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Out-of-date bacon...Toss? Or use?

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Brewing up a pot of cabbage soup for dinner tonight. Found a 16 oz package of thick cut major label bacon in the meat keeper of the refrigerator. Only problem is the use by date on the package is May, 2012. Package had never been opened. No mold or slime when I handled the bacon. Baked in the oven for about an hour and ten minutes at 310 degrees. No smell (except bacon) as it baked.

Can I take a chance that throwing it in the soup WILL NOT poison my family? Or should I just toss it into the garbage.

BTW...Dinner is about two hours away.

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  1. If its not ever been opened and didn't smell bad or was slimy as you noted, I think you're good. Remember that bacon was the result of curing and smoking meat so that it could be stored in the days before refrigeration. Take a taste to make sure since you cooked it to make sure its tastes fine. The baking will have also killed any bacteria.

    Let the naysayers start now telling you that you will endanger your family by doing anything other than throwing it out....

    1. It's up to you and your choices, but I'd use it.

      1. It's fine. Cured, smoked, vacuum-packed and unopened, it can last for months. If it's slimy or smells "off," that's when you pitch it.

        1. If it wasn't good, you'd know it. Because of the unadulterated vacuum seal, I'd say you're clear.

          1. If it's unopened it should be fine, but open it and give it the sniff test. I find once bacon is opened and becomes oxidized it goes off quickly - like a month depending on the humidity and your fridge.

            1. Thank you all, for your replies thus far.

              I did a taste test when I took the bacon out of the oven, and another just moments ago as it sits in the reefer waiting to go into the soup. Nice tastes both times. So...

              1. If there were baddies in the bacon, you killed them by baking it as you described.

                The "use by" date on American packaging is actually a "sell by" date, practically speaking, and is more for the guidance of food stores than their customers.

                6 Replies
                1. re: John Francis

                  As a Food Scientist I know not all microbs or hazards agents are killed by cooking the bacon. Heat resistant pores and toxins produced by C. botulinum or L. monocytogenes are never worth messing with.

                  Personally, I would have tossed the bacon out.

                  Not worth it.

                  1. re: Crockett67

                    Hmmm.

                    Due to an unforseen event last night we put the soup on the back burner (so to speak). The bacon didn't get added, and the soup will be for dinner tonight.

                    I won't be using the bacon, tho.

                    Thanks Crockett67 and all who've responded here.

                    1. re: RedTop

                      Glad to hear!

                    2. re: Crockett67

                      Now that we have the crucial info about the OP's compromised immune system (!) I obviously agree with you about not using this bacon. But as a food scientist you must know that botulinum toxin _is_ denatured by cooking, that the spores are harmless if ingested (by healthy adults), and that L. monocytogenes produces neither toxins nor spores and is also destroyed by cooking.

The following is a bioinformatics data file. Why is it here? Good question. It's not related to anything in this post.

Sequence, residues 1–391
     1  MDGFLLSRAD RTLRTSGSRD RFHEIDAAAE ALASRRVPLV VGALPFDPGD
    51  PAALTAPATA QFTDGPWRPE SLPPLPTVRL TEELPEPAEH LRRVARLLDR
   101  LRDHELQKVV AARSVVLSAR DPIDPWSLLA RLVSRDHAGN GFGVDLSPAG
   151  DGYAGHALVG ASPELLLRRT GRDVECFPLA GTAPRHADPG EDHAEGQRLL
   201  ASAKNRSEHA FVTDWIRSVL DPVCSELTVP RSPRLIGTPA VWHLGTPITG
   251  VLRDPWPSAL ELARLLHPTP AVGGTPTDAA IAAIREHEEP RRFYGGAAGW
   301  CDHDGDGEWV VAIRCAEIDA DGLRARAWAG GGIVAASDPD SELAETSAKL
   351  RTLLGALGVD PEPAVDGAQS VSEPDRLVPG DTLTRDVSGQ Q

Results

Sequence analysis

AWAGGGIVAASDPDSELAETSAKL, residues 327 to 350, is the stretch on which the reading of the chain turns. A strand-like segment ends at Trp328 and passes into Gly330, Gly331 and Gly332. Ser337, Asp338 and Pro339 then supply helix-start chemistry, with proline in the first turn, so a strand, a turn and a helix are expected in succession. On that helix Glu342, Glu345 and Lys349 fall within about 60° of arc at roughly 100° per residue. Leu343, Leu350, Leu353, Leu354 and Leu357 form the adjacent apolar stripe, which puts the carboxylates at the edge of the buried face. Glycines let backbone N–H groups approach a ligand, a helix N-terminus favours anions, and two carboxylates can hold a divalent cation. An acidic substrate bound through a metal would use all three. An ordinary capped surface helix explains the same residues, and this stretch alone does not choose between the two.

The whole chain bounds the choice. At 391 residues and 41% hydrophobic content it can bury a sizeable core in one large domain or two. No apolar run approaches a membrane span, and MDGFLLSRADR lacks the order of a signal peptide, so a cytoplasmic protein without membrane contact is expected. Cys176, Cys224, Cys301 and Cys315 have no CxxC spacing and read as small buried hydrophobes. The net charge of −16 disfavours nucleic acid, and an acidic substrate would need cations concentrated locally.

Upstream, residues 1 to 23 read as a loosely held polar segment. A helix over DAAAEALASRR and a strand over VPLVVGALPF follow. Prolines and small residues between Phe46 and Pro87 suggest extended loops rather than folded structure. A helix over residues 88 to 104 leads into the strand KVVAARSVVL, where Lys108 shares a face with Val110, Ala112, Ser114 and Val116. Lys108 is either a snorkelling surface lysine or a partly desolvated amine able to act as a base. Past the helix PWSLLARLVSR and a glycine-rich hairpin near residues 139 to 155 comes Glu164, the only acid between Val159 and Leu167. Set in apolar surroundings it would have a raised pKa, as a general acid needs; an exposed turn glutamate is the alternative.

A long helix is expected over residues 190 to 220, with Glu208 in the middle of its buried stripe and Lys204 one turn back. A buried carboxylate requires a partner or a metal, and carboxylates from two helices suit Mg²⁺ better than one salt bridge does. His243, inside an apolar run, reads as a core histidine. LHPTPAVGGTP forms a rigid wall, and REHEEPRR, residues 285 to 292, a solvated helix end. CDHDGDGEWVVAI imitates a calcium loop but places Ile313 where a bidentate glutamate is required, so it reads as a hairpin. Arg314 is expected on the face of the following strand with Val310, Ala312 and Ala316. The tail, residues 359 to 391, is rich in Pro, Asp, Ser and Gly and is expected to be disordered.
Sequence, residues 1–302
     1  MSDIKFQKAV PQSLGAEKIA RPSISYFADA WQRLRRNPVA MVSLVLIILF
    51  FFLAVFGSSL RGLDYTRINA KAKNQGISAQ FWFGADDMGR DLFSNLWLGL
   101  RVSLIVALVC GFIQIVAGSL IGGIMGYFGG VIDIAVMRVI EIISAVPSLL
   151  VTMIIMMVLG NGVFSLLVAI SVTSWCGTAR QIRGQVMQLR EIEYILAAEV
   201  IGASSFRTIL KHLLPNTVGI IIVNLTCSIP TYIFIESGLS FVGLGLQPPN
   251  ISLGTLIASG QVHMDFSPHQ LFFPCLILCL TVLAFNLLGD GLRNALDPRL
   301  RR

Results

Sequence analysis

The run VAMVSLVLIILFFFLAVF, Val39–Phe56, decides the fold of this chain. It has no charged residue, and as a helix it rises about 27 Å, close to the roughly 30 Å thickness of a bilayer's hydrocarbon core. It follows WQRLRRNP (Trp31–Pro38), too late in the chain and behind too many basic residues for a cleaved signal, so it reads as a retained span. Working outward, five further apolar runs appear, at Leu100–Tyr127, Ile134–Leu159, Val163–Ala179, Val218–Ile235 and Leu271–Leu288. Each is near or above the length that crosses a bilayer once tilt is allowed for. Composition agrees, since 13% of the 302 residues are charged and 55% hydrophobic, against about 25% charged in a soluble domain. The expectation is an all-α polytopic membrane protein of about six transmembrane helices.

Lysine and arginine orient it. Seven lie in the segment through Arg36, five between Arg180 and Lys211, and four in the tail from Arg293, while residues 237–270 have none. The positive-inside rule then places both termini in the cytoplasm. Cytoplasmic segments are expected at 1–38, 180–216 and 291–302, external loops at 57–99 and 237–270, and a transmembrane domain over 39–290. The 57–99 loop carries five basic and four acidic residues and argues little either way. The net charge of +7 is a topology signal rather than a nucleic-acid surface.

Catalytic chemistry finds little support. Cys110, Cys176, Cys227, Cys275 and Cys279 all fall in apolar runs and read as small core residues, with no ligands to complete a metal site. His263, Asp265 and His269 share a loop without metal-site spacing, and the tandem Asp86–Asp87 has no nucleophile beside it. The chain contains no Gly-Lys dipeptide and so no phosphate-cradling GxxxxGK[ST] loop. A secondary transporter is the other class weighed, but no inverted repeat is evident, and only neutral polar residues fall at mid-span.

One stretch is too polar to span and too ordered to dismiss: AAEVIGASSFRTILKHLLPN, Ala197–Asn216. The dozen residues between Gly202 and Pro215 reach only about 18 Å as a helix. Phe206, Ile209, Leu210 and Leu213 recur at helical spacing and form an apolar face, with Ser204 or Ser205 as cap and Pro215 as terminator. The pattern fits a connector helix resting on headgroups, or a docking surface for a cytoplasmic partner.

I'm all for being cautious, and _informed_. I am completely prepared to believe that eating bacon that's been expired for 3 or 4 months is dangerous, but can you, as a food scientist, tell us exactly what the risks are?

                      1. re: DeppityDawg

                        Additional resource

                        --FRI BRIEFINGS: Microbial Food Spoilage: Losses and Control Strategies Page 8
                        https://fri.wisc.edu//docs/pdf/FRI_Br...

                        Processed Meat
                        Addition of sodium chloride, nitrites and/or nitrates,
                        along with various other seasonings, emulsifiers and
                        preservatives to ground or whole muscle meats
                        changes the environment significantly and also the
                        spoilage flora of processed meats. Dried and dry-fermented
                        meats generally do not support microbial
                        growth although process deviations may allow
                        growth of some organisms. Spoilage organisms can
                        grow on fresh and cooked cured meats, so they are
                        best stored chilled, under a vacuum or modified
                        atmosphere.
                        Pseudomonas spp. are not usually important
                        causes of spoilage in processed meats because of
                        their sensitivity to curing salts and heat pasteurization
                        and their inability to grow well in meats packed with
                        a vacuum or high carbon dioxide atmosphere. However,
                        when packages have been opened and there has
                        been insufficient curing, these bacteria may spoil
                        refrigerated processed meats. Some cold- and salttolerant
                        Enterobacteriaceae have been found to cause
                        spoilage in some specific processed meats, such as
                        ham or bacon.
                        Lactic acid bacteria (LAB) is the group of bacteria
                        primarily associated with spoilage of processed
                        meats. They produce sour off-flavors, gas, slime, and
                        greening, and this spoilage may be more severe than
                        in fresh meat because of the presence of added carbohydrates.
                        Competitive ability of different LAB strains
                        is related to pH and water activity of the meat, cooking